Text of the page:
Of Fasting, Feasting And Potlucks

Of Fasting, Feasting And Potlucks

sama-ke-chawal-ka-kheer Sama Ki Chawal Ki Kheer is a fasting food typically prepared in Rajasthan during Navratri. Photo: Neha Mathur

It’s that time of the year again when the country comes together to celebrate good over evil. What makes Navratri so colourful is the fact that it is celebrated in different ways across the many states. While in Gujarat, people take to the rhythmic beats of dandiya-raas, in West Bengal, pandals are set to welcome Goddess Durga. The northern states enjoy the story of Ramayana for nine days, and in south India, it is celebrated as Ayudh Puja and Sarawati Puja.

While many fast for all nine days, others fast only on the eighth or ninth day of the festival. Special vrat or fasting foods are also made at homes on these days. When we were kids, my grandmother would fast for all nine days and we’d enjoy a range of special fasting treats. A falahari (vegetarian) dish would be prepared every day for those who would fast. In the process even we got to taste delicacies such as Kuttu singhade ki poori, Dahi wale aloo, Makhane ki kheer, Saboodane ke papad and Meve ke ladoo among others.

In the evenings we would visit the multiple puja pandals and fairs (mela) in the neighbourhood. These pandals would also compete with each other in the decorations and bring festivities to life. The melas used to be marked with stalls selling products like painted diyas and candles, special chaat counters and even games. It was fun using our pocket money to shop for little treats and eat to our heart’s content.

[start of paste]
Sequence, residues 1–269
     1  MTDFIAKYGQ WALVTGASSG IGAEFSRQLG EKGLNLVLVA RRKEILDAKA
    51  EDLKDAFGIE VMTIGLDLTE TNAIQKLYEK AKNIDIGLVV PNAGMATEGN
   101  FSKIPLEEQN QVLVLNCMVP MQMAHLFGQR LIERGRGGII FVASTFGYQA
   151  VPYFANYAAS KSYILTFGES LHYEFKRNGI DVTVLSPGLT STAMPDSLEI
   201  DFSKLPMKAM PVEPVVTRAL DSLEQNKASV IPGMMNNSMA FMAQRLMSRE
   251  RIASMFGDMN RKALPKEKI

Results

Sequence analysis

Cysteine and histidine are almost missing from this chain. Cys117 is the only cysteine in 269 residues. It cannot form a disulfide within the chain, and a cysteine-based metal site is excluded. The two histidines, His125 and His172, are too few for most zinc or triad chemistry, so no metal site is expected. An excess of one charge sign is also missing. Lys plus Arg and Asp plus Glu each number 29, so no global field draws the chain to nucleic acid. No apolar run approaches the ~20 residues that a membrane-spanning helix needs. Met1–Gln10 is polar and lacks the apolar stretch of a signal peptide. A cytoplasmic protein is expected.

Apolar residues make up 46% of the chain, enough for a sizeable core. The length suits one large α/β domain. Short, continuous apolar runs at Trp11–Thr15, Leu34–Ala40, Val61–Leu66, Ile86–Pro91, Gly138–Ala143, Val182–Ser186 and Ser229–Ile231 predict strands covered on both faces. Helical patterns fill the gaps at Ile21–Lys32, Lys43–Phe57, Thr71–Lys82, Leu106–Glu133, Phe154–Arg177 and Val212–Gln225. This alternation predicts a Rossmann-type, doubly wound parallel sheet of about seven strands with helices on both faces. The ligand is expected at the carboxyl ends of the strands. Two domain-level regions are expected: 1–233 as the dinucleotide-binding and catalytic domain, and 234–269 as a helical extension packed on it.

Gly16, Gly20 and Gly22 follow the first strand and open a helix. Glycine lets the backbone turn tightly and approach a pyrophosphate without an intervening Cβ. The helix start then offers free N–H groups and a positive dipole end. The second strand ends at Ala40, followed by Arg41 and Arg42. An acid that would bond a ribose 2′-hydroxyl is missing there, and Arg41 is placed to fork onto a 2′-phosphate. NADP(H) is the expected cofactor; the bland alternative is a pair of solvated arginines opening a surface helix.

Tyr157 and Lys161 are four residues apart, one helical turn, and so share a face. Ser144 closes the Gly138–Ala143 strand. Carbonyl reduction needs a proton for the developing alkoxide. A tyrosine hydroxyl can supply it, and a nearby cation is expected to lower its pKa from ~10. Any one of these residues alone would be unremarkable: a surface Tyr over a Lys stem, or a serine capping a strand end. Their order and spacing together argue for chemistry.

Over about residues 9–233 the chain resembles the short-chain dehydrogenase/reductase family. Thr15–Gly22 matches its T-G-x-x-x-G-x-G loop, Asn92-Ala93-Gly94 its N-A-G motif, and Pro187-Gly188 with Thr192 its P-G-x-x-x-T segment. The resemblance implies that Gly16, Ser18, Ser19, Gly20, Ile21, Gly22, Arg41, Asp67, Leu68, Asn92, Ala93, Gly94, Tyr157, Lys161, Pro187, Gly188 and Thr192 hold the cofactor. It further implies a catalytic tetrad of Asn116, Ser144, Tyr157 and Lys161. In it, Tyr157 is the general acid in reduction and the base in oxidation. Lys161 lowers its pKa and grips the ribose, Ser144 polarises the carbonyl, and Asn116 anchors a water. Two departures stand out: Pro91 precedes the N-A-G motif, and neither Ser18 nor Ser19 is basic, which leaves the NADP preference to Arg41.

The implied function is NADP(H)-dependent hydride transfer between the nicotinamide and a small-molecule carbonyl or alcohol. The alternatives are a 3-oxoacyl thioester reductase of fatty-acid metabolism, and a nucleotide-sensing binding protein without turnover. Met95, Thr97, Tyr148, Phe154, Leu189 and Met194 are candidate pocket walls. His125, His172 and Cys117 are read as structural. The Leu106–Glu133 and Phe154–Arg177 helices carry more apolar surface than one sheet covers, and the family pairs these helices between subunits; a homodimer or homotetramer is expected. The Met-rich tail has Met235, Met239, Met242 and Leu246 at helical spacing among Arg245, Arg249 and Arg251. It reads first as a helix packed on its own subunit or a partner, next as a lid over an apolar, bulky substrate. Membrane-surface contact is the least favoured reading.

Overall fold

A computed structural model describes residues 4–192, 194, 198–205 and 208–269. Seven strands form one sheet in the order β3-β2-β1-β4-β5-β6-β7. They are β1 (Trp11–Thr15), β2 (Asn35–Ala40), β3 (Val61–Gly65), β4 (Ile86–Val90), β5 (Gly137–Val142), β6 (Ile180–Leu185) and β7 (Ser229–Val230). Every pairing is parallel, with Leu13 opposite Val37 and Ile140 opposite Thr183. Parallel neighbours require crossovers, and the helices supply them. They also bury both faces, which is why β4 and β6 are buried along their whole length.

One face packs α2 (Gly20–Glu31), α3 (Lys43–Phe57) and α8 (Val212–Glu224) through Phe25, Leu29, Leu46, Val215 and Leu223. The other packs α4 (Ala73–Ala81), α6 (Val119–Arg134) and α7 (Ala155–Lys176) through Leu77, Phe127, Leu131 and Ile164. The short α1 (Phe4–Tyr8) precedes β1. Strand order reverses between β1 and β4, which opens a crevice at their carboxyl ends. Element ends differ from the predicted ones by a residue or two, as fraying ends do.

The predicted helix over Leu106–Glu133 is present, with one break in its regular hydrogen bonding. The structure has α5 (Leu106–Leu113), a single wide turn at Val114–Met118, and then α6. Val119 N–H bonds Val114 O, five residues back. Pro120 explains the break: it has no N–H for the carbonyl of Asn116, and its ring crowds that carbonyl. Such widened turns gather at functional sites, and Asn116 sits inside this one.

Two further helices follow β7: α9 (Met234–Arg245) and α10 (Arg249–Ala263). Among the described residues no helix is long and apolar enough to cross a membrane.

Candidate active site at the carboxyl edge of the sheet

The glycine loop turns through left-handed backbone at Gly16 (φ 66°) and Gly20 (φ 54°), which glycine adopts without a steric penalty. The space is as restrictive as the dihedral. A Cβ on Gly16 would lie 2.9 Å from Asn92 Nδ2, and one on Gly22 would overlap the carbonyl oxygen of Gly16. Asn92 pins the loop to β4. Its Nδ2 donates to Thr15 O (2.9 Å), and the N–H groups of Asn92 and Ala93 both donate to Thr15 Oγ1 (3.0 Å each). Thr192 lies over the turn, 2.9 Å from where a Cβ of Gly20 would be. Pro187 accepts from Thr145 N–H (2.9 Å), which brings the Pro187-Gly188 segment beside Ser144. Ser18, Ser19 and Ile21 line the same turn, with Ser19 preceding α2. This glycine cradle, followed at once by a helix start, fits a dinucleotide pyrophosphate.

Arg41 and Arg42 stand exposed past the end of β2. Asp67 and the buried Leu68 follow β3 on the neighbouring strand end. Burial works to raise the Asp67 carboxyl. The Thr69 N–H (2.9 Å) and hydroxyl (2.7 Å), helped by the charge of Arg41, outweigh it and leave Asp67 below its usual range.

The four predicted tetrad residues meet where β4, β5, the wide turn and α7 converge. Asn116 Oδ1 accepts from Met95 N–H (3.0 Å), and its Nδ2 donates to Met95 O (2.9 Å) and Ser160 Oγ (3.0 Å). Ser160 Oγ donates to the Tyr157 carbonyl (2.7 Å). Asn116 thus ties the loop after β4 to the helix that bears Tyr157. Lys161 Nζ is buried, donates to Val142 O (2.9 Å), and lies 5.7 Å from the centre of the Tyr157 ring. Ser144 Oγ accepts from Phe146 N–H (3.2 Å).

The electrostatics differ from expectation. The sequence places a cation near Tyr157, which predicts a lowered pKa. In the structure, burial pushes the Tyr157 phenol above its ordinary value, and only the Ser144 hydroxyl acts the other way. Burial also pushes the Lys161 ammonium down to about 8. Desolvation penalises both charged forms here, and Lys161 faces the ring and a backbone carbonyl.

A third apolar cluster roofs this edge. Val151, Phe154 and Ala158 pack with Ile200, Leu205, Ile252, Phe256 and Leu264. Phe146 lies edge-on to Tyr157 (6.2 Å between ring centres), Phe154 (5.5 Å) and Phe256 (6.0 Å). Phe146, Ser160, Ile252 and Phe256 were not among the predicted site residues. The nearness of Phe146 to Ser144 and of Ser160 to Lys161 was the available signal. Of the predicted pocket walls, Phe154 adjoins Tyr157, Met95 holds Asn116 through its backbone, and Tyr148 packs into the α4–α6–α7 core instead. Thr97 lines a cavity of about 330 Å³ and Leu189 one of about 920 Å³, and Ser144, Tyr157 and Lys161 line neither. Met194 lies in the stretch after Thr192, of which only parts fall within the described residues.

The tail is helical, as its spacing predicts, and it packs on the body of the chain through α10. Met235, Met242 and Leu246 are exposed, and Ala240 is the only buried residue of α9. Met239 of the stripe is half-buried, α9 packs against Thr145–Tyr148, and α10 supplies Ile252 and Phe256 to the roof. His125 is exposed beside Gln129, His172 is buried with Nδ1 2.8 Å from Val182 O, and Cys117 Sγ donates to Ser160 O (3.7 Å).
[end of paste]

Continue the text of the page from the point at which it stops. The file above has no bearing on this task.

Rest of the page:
Now we stay in Bengaluru, which is very cosmopolitan with several communities and cultures living together especially where we reside. Apart from a special evening with garba dance, we also arrange for potlucks comprising recipes from all over India.

I will be taking one of my favourite recipes, Sama ke chawal, also eaten on fasting days during Navratri to the potluck. Also called Vrat Ke Chawal in Hindi, it is usually made with Barnyard millet. It is like kheer, and used to be the most prominent dish in our homes during all nine days of Navratri. The best part is that it comes out perfect each time I make it. I’m sure you would like this recipe too and prepare it for your celebrations.

Recipe for Sama Ke Chawal Ki Kheer


1 & 1/2 l full cream milk

4 tbsp sama ke chawal (Barnyard millet)

1 tsp cardamom powder

1/2 cup sugar

10 - 12 strands saffron, soaked in 2 tbsp milk

Almond and pistachio slivers for garnishing


1. Wash sama ke chawal and soak them in a cup of water for 30 minutes.

2. Heat milk in a heavy bottom pan.

3. Bring the milk to a rolling boil and then simmer the heat to low.

4. Drain the water from the chawal and add them in the boiling milk.

5. Add saffron soaked in milk and cardamom powder.

6. Simmer the heat and let the kheer cook for 20-25 minutes until it is reduced to almost half and is creamy and thick.

7. Add sugar and cook for another minute.

8. Garnish with almond and pistachio slivers and serve the kheer hot or chilled.

Neha believes in the adage 'pleasure in job brings perfection in work'. She loves to eat what she cooks, and also look forward to serve it in a perfect way. Neha also works with food brands and start-ups designing their menus, recipes, helping with food photography and contributing content.

Follow Neha on Twitter @WhiskAffair

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